|Table of Equal Tension Cello Gauges|
This is a single length (122cm, 48"), double twist, Pistoy-style string intended for “Equal Tension” performance practice made with beef serosa available with either a natural or varnish finish.
Plain gut strings are available with a natural or varnish finish. Natural strings are hand-rubbed with a light oil. Varnished strings have three coats of finish before being hand polished with the oil. There is an additional charge for varnished strings. The string comes with plain, unknotted ends. Knots may be tied for you, and leather washers added for an additional charge.
Instructions on how to tie a string knot are on the back of each package.
The Pistoy string is a unique development of Daniel Larson at Gamut Music. It is named for the town in Italy which was famous for producing the best string for basses, being "flexible, smooth, and well twisted." Our reproduction is made of three strands of gut twisted in one direction, and then the three combined together by twisting in the other direction in rope fashion. When dry, the string is polished down to the specific gauge required by the instrument. The results are a very flexible string with a quick response and a full, round sound. The string is characterized by a noticeable twist and flexible feel.
This is not a polished catline as some think. At first glance this might look like such a thing. However, the Pistoy is fundamentally a different kind of string. It shares one trait with the catline in that the string is made with two directions of twists. This is where the similarity ends. The Pistoy has no space in the structure like the catline does, and therefore has the same density as any plain gut string. The Pistoy string is expensive to make because it takes a lot of time to sort the gut into small bundles to twist and retwist. The gain is in the flexibility. Even in thick gauges the string remains supple and responsive. The color ranges from clear white on thinner strings (1.00mm to 1.10mm) to opaque yellow on thicker strings.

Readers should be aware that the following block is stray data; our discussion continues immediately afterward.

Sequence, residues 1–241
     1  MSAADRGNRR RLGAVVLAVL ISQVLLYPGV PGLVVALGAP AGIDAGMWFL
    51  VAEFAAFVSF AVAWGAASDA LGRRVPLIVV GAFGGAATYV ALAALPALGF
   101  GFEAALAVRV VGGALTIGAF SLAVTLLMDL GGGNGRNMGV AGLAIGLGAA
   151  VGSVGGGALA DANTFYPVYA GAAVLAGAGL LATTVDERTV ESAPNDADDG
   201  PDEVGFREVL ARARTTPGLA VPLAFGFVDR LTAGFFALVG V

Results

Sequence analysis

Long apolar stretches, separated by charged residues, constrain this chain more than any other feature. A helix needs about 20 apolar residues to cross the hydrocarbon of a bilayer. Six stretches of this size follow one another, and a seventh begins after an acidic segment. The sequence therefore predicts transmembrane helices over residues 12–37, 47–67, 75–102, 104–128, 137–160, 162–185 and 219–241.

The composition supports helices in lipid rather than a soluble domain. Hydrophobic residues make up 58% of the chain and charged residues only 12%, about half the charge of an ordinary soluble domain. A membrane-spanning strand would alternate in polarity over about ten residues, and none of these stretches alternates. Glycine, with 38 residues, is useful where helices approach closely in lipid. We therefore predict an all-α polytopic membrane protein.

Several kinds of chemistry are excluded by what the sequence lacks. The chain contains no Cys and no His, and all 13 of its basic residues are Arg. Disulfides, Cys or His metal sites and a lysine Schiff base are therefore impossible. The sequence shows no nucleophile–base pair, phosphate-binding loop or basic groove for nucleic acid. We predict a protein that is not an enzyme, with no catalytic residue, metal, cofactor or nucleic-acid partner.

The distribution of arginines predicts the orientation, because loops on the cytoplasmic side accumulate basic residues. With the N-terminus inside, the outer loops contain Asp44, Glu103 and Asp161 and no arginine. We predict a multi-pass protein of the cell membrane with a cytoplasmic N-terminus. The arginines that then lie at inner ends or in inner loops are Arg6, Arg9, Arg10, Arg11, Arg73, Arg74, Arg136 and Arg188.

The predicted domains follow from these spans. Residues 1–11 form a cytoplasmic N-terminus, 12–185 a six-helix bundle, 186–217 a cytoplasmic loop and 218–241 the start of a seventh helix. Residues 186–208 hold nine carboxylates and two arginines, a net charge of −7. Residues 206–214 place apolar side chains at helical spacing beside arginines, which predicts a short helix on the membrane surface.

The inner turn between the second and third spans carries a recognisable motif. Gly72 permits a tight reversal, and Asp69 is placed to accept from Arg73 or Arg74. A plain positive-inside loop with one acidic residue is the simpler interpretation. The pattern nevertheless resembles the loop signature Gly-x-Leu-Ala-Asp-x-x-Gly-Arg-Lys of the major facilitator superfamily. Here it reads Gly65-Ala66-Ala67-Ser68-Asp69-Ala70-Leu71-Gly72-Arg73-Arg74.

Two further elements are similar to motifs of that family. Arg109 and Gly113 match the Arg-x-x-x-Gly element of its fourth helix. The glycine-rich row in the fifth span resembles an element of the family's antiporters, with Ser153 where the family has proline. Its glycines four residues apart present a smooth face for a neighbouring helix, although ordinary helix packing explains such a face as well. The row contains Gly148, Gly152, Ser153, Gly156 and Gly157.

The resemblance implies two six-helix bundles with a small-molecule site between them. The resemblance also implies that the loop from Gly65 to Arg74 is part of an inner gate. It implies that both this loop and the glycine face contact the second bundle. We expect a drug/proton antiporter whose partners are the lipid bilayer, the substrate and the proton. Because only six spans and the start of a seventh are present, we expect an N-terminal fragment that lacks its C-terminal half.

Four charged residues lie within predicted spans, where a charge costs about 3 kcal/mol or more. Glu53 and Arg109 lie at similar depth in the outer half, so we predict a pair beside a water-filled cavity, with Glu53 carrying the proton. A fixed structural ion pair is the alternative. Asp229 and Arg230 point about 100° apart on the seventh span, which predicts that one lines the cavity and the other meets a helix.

Equal Tension is a concept that was used on violins historically. The idea is that each string has the same amount of tension, resulting in equal tension on all strings. The customary way to tension strings is to decrease the tension from the top string, which has the most tension, to the bottom string in decreasing amounts on each string. From the 16th to 19th centuries there are writers who mention or recommend equal tension, and this seems to have been one aesthetic that some players used. Merssene, in the early 1600s, mentioned that violin strings should have equal tension, but that in practice most players used less tension on the lower strings. It may be that the idea of “equal” was an intellectual concept of perfection and that, in practice, players found that lowering the tension on the thicker bottom strings was just more practical. Regardless of the extent of the historical use, many modern players find that this system of string allows a quicker and louder response from the instrument. The extra tension on the lower strings allows the bow to play more on top of the strings resulting in quicker bowing.
Because of the added diameter on equal tension strings, your instrument may need some adjustment at the tailpiece, bridge or nut to allow for the extra mass of the strings. The instrument may also need sound post or other adjustments to bring out the most responsive tone.
Academie strings are manufactured in the USA by Gamut Music, a leader in the revival of early music strings and instruments. Gut strings are not intended to be used with fine tuners or string adjusters and those devices should be removed before installing the gut string on the instrument.
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I have this pistol with a Lyon d and they sound complementary. While I cannot endorse specific sound differences between them, I find they are quite similar.